Scot criticises Armstrong for not doing enough against doping
David Millar has called for closure in both the FDA investigation into Lance Armstrong and Alberto Contador’s Clenbuterol positive at the 2010 Tour de France.
Millar was speaking at the presentation of his autobiography in London. Called ‘Racing through the darkness: the fall and rise of David Millar’, the book details Millar’s account of his own doping, his personal problems when he was caught and his eventual return to the sport as a staunch advocate against doping.
He criticised Armstrong for failing to take a similar strong stance during his career.
“I can’t say definitively if Lance doped or not. Yes, there are all the stories and rumours but I certainly never saw him dope with my own eyes. If he did dope, after all he has said and done, it would be unforgivable,” Millar told the Telegraph newspaper.
Armstrong is under investigation by the Federal Drug Administration as part of a wider investigation into possible financial fraud at the US Postal Service team. Armstrong has always denied doping but has been accused by former teammates Floyd Landis and Tyler Hamilton.
“His performances on the Tour were extraordinary but he is unlike anybody you will ever meet. He is a force of nature. But I have always thought that he could have done more against doping. He was in a position to make a difference and to help his sport but I never saw any evidence of that.”
“The entire Lance thing – did he dope or didn’t he dope – is suffocating the sport and obscuring a lot of good developments,” Millar said. “The only resolution is to let the FDA investigation take its full course and for that to be the final word on the matter.”
“Whatever the eventual outcome – and I’m struggling to see a happy ending – we have to accept the verdict collectively and move on. That would offer some sort of closure and we can call a halt to the endless process and draining debate.”
In defence of Contador
In contrast to his comments on Armstrong, Millar defends Alberto Contador after the way he has been treated since his positive test. He goes as far as suggesting that the Spaniard could go on to be the greatest grand tour rider in the history of the sport.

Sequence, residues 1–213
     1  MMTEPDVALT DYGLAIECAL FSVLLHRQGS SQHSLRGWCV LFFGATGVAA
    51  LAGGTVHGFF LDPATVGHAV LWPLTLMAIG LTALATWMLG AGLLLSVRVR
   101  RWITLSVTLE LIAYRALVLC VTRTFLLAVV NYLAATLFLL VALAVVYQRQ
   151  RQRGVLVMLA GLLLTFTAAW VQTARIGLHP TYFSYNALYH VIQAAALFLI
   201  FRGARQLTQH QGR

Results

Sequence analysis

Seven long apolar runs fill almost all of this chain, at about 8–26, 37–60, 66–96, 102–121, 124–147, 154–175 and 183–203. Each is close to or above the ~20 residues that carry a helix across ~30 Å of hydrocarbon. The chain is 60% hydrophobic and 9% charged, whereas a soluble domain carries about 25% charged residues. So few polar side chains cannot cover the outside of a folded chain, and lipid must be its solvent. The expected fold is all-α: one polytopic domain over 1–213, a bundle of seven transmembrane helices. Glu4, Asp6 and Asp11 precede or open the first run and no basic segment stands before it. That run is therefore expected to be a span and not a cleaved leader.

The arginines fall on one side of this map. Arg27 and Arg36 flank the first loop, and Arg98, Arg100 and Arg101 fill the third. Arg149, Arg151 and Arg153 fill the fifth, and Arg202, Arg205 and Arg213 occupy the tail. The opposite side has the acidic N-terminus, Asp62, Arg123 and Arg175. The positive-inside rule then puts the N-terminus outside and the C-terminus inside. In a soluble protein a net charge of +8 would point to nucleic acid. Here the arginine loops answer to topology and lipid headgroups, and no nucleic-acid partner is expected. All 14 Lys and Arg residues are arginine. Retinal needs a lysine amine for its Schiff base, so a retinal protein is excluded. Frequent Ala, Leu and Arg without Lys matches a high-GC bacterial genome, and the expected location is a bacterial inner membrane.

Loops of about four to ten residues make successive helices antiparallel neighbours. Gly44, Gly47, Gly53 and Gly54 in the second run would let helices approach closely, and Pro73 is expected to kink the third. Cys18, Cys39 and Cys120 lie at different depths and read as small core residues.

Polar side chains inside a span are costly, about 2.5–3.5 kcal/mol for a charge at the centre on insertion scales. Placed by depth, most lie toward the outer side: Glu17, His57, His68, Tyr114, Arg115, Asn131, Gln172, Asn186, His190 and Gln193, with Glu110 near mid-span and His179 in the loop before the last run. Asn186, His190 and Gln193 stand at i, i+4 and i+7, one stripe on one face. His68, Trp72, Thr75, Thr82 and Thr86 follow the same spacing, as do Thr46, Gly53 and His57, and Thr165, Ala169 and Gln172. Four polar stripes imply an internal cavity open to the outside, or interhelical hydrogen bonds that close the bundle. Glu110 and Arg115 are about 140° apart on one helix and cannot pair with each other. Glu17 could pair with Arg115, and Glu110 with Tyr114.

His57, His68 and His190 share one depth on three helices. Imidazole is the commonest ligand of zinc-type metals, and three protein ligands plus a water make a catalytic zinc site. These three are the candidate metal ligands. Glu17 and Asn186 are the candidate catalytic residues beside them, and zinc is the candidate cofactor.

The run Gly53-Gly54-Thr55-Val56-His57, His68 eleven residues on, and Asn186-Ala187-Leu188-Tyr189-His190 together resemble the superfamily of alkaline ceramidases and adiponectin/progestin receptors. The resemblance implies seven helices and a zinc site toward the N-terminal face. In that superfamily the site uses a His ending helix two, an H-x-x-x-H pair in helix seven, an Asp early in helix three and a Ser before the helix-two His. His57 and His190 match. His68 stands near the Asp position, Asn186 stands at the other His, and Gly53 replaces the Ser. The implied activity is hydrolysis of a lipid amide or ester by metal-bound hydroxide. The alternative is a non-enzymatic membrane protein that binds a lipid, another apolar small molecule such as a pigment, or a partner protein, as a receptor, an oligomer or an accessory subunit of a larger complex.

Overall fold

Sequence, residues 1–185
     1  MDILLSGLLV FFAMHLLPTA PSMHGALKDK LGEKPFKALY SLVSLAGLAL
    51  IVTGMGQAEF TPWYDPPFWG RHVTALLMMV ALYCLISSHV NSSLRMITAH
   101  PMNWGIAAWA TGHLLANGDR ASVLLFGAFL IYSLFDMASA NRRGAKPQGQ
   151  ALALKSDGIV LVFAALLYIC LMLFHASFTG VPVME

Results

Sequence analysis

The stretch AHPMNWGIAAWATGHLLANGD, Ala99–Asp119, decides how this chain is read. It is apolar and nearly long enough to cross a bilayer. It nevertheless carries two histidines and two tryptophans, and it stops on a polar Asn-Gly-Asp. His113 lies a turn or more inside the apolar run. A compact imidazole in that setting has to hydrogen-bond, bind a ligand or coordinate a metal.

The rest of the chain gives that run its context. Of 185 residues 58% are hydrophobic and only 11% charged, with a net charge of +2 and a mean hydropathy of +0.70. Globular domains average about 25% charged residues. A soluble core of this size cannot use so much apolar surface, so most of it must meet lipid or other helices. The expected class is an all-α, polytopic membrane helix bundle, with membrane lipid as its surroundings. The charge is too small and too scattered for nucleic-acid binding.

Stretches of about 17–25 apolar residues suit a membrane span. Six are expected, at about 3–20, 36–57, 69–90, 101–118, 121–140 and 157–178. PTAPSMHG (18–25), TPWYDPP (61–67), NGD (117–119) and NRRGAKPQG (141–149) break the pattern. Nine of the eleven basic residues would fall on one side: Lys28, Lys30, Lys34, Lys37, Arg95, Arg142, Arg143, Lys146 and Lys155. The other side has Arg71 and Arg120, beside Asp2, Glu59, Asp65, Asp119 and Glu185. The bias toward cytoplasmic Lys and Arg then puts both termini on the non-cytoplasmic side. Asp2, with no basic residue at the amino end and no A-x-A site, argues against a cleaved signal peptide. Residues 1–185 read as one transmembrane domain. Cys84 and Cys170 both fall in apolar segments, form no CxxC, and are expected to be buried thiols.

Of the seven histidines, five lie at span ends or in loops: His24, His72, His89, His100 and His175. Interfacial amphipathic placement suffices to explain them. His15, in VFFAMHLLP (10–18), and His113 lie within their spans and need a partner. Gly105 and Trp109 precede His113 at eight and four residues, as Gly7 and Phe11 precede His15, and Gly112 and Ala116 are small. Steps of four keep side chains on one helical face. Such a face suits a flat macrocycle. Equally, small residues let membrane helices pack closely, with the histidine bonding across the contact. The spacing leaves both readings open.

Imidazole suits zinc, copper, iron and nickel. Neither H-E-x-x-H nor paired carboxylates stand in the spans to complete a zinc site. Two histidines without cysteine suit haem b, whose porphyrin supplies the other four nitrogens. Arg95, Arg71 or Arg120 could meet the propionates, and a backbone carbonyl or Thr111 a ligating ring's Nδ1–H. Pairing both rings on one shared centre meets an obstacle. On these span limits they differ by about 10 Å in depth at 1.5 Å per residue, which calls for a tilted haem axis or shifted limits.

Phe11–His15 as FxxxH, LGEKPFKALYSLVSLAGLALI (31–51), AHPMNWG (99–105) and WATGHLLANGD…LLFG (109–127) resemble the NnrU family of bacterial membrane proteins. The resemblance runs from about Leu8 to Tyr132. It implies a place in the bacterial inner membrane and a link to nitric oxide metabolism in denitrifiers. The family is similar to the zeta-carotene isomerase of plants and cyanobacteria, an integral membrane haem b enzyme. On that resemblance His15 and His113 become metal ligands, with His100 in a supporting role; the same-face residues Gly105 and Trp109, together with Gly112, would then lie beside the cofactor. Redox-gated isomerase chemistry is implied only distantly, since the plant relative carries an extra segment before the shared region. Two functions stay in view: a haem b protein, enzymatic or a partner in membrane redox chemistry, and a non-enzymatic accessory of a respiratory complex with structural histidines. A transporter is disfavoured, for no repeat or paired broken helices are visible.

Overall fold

Contador tested positive for Clenbuterol during the 2010 Tour de France but the legal process has been slow and complicated.
Contador has always insisted his positive test was caused by contaminated meat he ate on the second rest day of the Tour de France. He was cleared of doping by the Spanish Cycling Federation but that sentence was appealed by both the World Anti-Doping Agency (WADA) and the International Cycling Union (UCI). A final verdict was expected before this year’s Tour de France but has now been delayed until at least August, meaning Contador will ride this year’s Tour de France.
"It's farcical. He (Contador) should have either been vindicated or sanctioned a long time ago," Millar told the BBC.
"I think it's bad for Alberto and it's bad for the sport that it hasn't been sorted out yet. Whether he's positive or negative, it's the system's fault for not dealing with it. There should be a two-week timeframe for when it is actually resolved.”
"This case is opening everyone's eyes to the discrepancies we have regards the sanctioning and disciplinary process in the anti-doping world. The science is now so advanced, and yet the judicial side of it is medieval and makes no sense. Alberto deserves a presumption of innocence, but unfortunately he has now been tarnished with that brush. People will never believe him, whichever way it goes, which is really sad. It's not healthy for cycling and not healthy for professional sport. It makes it all look pretty stupid."
Millar saw from close up how Contador dominated the recent Giro d’Italia. For Millar, Contador’s consistency is a sign of his unique talent.
"Alberto Contador is untouchable as rider, he is a physical freak and we in the peloton have known that for a long time and respect his supreme talent. I would be very surprised if he didn't end up as the greatest Grand Tour rider in the history of the sport. It’s a tragedy that he has got mixed up in this Clenbuterol thing but I am keeping an open mind on his case,” Millar told the Telegraph.
"Does anybody out there seriously doubt that Contador was riding clean in the Giro d'Italia that has just finished? You don't win the biggest races in the world with such clockwork regularity and comparative ease, and in such style, by not being the supreme talent and clean. In my experience the profile of a doper is always much more erratic and unpredictable.”
"The rest of us mere mortals have "magic days" when every so often when we can take on the world. Contador's default setting is a "Magic day". His only departure from the norm is when he experiences merely an average day. They are the only two levels he rides at. My strong instinct is to trust that."